The U.S. government filed suit Wednesday to take over a 22,000-member restaurant union in Atlantic City, a major casino center, saying that the union was being run by a reputed Mafia boss from his prison cell.
In an anti-racketeering civil suit brought by the U.S. attorney's office in Newark, the government wants to assume control of Local 54 of the Hotel and Restaurant Employees union. The suit claims the local is being run by Nicodemo "Little Nicky" Scarfo from his prison cell.
U.S. Attorney General Dick Thornburgh, who flew to Newark to make the announcement, told a news conference, "Through their brutal and sometimes deadly acts of violence and intimidation, members of the Bruno-Scarfo organized crime family have destroyed the integrity of the union and its leadership.
"By placing control in the court's hands and seeking the removal of corrupt union officials, honest members have the opportunity to reclaim their union."
Michael Chertoff, the federal prosecutor for Newark, said, "For more than 20 years in Local 54, union officials and employees have been chosen subject to the approval of and control of the boss of the Bruno-Scarfo family, rather than the local's rank-and-file membership."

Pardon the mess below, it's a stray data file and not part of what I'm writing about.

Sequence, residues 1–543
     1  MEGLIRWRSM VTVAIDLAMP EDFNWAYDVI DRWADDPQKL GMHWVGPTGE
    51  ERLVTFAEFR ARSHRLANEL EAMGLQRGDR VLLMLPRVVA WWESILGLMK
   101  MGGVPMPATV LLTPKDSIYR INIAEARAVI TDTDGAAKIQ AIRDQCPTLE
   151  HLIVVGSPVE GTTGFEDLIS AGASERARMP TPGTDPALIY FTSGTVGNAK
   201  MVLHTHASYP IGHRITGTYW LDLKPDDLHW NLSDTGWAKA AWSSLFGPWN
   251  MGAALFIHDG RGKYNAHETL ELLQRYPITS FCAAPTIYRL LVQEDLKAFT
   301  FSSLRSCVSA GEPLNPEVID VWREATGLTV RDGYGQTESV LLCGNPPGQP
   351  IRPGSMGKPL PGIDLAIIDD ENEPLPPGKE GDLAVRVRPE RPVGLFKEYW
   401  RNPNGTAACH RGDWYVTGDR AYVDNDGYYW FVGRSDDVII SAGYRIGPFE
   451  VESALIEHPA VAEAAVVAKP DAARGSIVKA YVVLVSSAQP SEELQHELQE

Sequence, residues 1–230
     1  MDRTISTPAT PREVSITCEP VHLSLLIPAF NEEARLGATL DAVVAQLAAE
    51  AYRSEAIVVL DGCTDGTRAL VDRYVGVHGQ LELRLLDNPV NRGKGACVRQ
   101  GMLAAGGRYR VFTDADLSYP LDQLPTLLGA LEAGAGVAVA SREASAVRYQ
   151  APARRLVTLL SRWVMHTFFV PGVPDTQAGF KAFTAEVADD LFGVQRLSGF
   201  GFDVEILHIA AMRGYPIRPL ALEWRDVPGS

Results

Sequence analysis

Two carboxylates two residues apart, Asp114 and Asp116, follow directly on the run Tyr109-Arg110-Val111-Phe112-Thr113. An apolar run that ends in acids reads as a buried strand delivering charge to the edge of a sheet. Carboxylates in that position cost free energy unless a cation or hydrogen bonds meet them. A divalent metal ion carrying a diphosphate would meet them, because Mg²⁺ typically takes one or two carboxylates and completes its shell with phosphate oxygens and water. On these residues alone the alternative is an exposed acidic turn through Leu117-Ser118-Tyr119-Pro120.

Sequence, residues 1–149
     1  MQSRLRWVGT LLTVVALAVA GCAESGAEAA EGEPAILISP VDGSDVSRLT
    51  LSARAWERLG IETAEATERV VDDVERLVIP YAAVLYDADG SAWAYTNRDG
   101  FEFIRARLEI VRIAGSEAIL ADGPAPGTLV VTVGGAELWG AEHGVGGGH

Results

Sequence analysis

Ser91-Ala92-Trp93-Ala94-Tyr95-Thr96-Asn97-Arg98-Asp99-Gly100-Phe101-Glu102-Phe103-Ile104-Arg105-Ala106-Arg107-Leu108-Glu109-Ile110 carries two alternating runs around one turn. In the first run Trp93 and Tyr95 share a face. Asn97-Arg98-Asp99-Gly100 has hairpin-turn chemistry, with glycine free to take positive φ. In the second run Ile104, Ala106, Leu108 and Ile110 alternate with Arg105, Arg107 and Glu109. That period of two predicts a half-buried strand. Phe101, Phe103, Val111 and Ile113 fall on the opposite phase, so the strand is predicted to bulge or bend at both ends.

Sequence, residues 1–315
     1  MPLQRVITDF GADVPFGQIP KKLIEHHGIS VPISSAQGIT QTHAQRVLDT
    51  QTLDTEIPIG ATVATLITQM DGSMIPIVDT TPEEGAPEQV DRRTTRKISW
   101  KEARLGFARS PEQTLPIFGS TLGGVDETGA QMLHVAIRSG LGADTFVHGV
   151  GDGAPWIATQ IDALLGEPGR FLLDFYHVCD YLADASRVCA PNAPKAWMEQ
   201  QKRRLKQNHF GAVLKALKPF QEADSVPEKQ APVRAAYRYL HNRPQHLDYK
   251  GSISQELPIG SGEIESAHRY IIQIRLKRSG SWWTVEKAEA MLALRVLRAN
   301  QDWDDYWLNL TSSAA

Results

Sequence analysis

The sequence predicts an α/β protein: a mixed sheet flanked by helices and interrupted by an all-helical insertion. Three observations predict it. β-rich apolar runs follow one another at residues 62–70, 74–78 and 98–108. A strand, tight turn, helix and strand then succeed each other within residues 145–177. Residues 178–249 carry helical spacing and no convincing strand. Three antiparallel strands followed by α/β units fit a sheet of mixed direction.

The suit seeks the removal of Roy Silbert as Local 54 President and five other Local 54 officials.
The restriction means international President Edward T. Hanley of Antioch, Ill., could be barred from any contact with the local which represents 22,000 members including casino, hotel, bartenders and food workers at Atlantic City casinos.
Scarfo is serving a life sentence on a 1988 conviction involving murder and extortion.
The mob boss is accused of ruling Local 54 by communicating through his son Nicky, a frequent prison visitor, as well as other individuals accused of engaging in organized crime activities.
Phillip Leonetti, Scarfo's nephew and reputed former "underboss" of the family now serving a 45-year prison sentence for a 1988 conviction involving murder and extortion, has agreed to testify for the government in this case, Chertoff said.